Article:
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Theresea Elder [2], 2001 May 9

Identifier: OH-EL0055

Scope and Contents

Thereasea Elder recounts her and her family's experiences living in Charlotte throughout the twentieth century, as well as her forty-five years as a nurse. Growing up in a segregated Charlotte, she describes life in the close-knit African American community and details the central role of the church and the focus on education within the community. Ms. Elder's medical career began at the white only Charlotte Memorial Hospital, and after earning her nursing degree she went to work at Good Samaritan Hospital, Charlotte's only medical facility for African Americans. She explains the disparities between the two and recounts the difficulties Good Samaritan's staff faced due to the scarcity of resources. Joining the Mecklenburg County Health Department as a public health nurse in 1962, Ms. Elder was part of the pilot program in the 1960s to integrate Charlotte's community health program. This led to her experiences working in the Paw Creek area, an economically disadvantaged white community. Describing the region as 'Klan country', she recounts the racism she faced from residents and how ultimately she and her fellow nurses were able to make the program a success, leading to the full integration of the health department. Ms. Elder discusses the integration of the Charlotte-Mecklenburg school system from the perspective of a parent whose two sons were bused to a formerly all-white school. She discusses her views on the limited success of integration and the current state of race relations in Charlotte, with particular attention to the role housing policy could have played in producing a more fully integrated Charlotte with improved health and educational outcomes for disadvantaged Charlotteans of all races.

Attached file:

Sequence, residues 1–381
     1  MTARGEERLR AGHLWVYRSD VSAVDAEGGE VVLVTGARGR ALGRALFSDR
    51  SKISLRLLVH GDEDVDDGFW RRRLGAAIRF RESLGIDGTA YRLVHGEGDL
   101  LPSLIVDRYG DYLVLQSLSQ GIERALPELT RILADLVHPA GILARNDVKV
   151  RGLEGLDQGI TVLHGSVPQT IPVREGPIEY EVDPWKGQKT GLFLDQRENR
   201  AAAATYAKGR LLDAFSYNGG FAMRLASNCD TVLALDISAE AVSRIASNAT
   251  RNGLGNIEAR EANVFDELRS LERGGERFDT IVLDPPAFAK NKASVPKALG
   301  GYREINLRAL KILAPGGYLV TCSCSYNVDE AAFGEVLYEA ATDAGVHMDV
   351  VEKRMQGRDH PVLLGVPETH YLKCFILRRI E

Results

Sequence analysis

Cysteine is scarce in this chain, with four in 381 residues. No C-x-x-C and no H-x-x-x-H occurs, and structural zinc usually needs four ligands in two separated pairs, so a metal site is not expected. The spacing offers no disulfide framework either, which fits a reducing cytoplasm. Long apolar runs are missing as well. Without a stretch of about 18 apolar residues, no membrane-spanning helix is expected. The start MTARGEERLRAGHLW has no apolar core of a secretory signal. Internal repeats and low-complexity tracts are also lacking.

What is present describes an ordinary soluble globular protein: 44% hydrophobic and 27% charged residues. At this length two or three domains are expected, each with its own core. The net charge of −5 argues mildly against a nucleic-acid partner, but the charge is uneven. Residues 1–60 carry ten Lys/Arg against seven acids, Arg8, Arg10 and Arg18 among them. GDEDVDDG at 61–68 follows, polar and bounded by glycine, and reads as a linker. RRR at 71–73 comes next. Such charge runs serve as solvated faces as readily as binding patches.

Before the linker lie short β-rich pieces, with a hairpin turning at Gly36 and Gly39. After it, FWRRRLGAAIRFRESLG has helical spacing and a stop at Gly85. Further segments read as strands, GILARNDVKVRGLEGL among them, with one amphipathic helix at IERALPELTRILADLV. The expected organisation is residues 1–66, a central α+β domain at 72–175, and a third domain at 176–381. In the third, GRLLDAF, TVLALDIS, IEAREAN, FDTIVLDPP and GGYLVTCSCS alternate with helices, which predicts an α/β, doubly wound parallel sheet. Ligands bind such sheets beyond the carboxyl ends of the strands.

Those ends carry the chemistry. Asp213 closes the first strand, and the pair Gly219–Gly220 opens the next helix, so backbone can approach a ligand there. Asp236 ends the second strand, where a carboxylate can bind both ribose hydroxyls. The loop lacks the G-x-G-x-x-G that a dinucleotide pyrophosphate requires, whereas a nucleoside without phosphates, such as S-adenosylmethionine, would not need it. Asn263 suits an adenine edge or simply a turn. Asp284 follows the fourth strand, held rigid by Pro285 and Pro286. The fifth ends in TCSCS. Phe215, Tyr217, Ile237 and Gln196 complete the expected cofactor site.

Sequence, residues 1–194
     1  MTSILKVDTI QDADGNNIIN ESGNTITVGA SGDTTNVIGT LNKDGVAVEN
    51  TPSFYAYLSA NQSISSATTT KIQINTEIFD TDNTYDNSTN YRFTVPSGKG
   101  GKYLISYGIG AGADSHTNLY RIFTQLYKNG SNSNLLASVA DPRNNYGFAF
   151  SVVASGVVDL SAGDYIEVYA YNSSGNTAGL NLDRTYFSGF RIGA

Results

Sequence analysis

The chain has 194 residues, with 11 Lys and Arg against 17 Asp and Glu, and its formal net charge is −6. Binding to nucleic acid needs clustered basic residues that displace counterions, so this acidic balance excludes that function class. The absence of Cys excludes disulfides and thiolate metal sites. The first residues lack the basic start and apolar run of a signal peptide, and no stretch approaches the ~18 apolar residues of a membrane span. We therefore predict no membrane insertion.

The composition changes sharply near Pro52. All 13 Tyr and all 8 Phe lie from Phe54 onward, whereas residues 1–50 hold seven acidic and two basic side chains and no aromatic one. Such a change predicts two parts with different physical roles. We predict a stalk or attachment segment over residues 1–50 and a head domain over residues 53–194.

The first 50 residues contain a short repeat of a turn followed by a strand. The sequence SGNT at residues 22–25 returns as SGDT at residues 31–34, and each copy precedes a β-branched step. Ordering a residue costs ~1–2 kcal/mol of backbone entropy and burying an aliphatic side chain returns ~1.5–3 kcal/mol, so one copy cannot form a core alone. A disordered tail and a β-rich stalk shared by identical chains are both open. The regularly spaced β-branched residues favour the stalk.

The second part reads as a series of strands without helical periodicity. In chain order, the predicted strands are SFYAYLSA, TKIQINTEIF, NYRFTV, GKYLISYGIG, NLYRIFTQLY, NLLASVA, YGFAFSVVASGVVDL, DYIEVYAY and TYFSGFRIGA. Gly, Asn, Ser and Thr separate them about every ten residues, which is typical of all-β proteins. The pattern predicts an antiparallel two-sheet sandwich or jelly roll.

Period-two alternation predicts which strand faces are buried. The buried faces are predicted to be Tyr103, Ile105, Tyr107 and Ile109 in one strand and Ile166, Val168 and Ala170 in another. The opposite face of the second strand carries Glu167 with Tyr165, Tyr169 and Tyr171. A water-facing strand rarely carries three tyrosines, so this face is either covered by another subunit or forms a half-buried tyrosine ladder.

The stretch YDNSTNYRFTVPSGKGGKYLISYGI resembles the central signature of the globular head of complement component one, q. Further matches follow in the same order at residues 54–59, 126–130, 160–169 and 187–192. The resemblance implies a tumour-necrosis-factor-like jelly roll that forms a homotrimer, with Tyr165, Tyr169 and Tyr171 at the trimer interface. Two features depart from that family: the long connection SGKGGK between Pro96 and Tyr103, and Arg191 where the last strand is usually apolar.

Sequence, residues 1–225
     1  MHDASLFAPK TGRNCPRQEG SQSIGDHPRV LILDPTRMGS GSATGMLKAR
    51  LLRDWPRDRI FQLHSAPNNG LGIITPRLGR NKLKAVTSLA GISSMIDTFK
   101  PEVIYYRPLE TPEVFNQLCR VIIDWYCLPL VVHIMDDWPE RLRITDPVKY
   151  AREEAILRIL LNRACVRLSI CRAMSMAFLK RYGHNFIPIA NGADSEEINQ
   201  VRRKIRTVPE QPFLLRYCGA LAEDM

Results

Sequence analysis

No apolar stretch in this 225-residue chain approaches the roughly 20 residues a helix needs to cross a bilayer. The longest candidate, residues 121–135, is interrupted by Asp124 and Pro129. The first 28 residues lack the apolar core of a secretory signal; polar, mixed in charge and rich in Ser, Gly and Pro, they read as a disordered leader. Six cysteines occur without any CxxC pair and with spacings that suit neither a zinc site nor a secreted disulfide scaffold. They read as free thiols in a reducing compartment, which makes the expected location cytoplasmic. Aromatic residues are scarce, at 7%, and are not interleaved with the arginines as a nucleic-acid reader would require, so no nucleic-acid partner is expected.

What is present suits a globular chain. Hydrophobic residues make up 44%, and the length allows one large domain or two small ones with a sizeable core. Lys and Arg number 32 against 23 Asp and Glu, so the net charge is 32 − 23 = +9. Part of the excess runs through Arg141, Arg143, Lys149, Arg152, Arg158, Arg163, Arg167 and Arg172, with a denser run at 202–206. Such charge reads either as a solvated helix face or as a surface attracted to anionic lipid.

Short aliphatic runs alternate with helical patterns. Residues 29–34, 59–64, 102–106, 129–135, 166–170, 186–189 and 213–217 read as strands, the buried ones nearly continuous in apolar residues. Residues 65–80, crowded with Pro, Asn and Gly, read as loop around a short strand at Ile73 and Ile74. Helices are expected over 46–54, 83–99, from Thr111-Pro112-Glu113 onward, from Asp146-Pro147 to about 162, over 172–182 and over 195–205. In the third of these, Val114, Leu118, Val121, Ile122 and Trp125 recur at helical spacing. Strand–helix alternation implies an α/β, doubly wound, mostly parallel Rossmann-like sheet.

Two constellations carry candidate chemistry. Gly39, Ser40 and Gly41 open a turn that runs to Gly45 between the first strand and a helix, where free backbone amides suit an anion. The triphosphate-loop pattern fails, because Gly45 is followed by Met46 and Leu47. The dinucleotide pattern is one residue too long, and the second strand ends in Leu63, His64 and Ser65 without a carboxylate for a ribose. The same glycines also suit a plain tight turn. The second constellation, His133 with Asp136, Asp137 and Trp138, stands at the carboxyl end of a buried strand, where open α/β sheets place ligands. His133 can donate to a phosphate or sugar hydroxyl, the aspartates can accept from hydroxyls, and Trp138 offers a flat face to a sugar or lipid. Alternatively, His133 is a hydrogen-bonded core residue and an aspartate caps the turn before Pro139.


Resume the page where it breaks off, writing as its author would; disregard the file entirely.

• Creation: 2001 May 9

Conditions Governing Access

All 15 interviews in the collection are available in the digital repository. Original audiovisual material is closed to patron use.

Biographical Note

Thereasea Elder was a 73-year-old woman at the time of interview, which took place in her home in Charlotte, North Carolina. She was born in Charlotte on September 27, 1927. She was educated at Johnson C. Smith University, Lincoln Hospital (Durham, North Carolina) School of Nursing, Livingstone College, and the University of North Carolina at Chapel Hill; and was employed as a nurse.


124 Minutes

Language of Materials


Repository Details

Part of the Oral Histories, J. Murrey Atkins Library Special Collections and University Archives, UNC Charlotte Repository

Atkins Library, UNC Charlotte
9201 University City Blvd
Charlotte NC 28223 United States

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